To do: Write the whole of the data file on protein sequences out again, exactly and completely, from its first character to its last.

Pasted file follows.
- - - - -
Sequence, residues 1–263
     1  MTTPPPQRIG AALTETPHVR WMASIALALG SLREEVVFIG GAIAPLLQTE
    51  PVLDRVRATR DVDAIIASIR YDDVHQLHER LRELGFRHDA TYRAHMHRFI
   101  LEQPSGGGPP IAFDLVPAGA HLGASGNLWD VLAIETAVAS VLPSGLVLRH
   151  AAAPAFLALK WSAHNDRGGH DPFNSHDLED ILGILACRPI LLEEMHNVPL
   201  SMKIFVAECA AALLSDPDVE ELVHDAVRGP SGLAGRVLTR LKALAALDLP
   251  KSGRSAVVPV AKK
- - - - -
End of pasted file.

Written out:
Sequence, residues 1–263
     1  MTTPPPQRIG AALTETPHVR WMASIALALG SLREEVVFIG GAIAPLLQTE
    51  PVLDRVRATR DVDAIIASIR YDDVHQLHER LRELGFRHDA TYRAHMHRFI
   101  LEQPSGGGPP IAFDLVPAGA HLGASGNLWD VLAIETAVAS VLPSGLVLRH
   151  AAAPAFLALK WSAHNDRGGH DPFNSHDLED ILGILACRPI LLEEMHNVPL
   201  SMKIFVAECA AALLSDPDVE ELVHDAVRGP SGLAGRVLTR LKALAALDLP
   251  KSGRSAVVPV AKK